Bond The mother-child bond is the primary force in infant development, according to the attachment bond theory pioneered by English psychiatrist John Bowlby and American psychologist Mary Ainsworth. The theory has gained strength through worldwide scientific studies and the use of brain imaging technology.The attachment bond theory
states that the relationship between infants and primary caretakers is responsible for:
- shaping all of our future relationships
- strengthening or damaging our abilities to focus, be conscious of our feelings, and calm ourselves
- the ability to bounce back from misfortune
Research reveals the infant/adult interactions that result in a successful, secure attachment, are those where both mother and infant can sense the other’s feelings and emotions. In other words, an infant feels safe and understood when the mother responds to their cries and accurately interprets their changing needs. Unsuccessful or insecure attachment occurs when there is a failure in this communication of feelings.Researchers found that successful adult relationships depend on the ability to:
- manage stress
- stay “tuned in” with emotions
- use communicative body language
- be playful in a mutually engaging manner
- be readily forgiving, relinquishing grudges
The same research also found that an insecure attachment may be caused by abuse, but it is just as likely to be caused by isolation or loneliness.These discoveries offer a new glimpse into successful love relationships, providing the keys to identifying and repairing a love relationship that is on the rocks.
The attachment bond shapes an infant’s brain
For better or worse, the infant brain is profoundly influenced by the attachment bond—a baby’s first love relationship. When the primary caretaker can manage personal stress, calm the infant, communicate through emotion, share joy, and forgive easily, the young child’s nervous system becomes “securely attached.” The strong foundation of a secure attachment bond enables the child to be self-confident, trusting, hopeful, and comfortable in the face of conflict. As an adult, he or she will be flexible, creative, hopeful, and optimistic.Our secure attachment bond shapes our abilities to:
- feel safe
- develop meaningful connections with others
- explore our world
- deal with stress
- balance emotions
- experience comfort and security
- make sense of our lives
- create positive memories and expectations of relationships
Attachment bonds are as unique as we are. Primary caretakers don’t have to be perfect. They do not have to always be in tune with their infants’ emotions, but it helps if they are emotionally available a majority of the time.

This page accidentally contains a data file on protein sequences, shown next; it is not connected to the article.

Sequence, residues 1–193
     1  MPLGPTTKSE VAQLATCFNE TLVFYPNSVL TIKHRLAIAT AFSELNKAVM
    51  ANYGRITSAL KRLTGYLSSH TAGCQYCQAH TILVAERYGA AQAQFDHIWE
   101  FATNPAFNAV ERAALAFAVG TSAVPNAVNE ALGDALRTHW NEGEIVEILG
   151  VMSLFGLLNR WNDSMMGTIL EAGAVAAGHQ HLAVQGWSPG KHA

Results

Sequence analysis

Insecure attachment affects adult relationships
Insecurity can be a significant problem in our lives, and it takes root when an infant’s attachment bond fails to provide the child with sufficient structure, recognition, understanding, safety, and mutual accord. These insecurities may lead us to:Tune out and turn off – If our parent is unavailable and self-absorbed, we may—as children—get lost in our own inner world, avoiding any close, emotional connections. As adults, we may become physically and emotionally distant in relationships.
Causes of insecure attachment
Major causes of insecure attachments include:Physical neglect – poor nutrition, insufficient exercise, and neglect of medical issues Emotional neglect or emotional abuse – little attention paid to child, little or no effort to understand child’s feelings; verbal abuse Physical or sexual abuse – physical injury or violation Separation from primary caregiver – due to illness, death, divorce, adoption Inconsistency in primary caregiver – succession of nannies or staff at daycare centers Frequent moves or placements – constantly changing environment; for example: children who spend their early years in orphanages or who move from foster home to foster home Traumatic experiences .
The lessons of attachment help us heal adult relationships
The powerful, life-altering lessons we learn from our attachment bond—our first love relationship—continue to teach us as adults. The gut-level knowledge we gained then guides us in improving our adult relationships and making them secure.Lesson No. 1—adult relationships depend for their success on nonverbal forms of communication. Newborn infants cannot talk, reason or plan, yet they are equipped to make sure their needs are met. Infants don’t know what they need, they feel what they need, and communicate accordingly. When an infant communicates with a caretaker who understands and meets their physical and emotional needs, something wonderful occurs.Relationships in which the parties are tuned in to each other’s emotions are called attuned relationships, and attuned relationships teach us that:
- nonverbal cues deeply impact our love relationships
- play helps us smooth over the rough spots in love relationships
- conflicts can build trust if we approach them without fear or a need to punish
When we can recognize knee-jerk memories, expectations, attitudes, assumptions and behaviors as problems resulting from insecure attachment bonds, we can end their influence on our adult relationships. That recognition allows us to reconstruct the healthy nonverbal communication skills that produce an attuned attachment and successful relationships.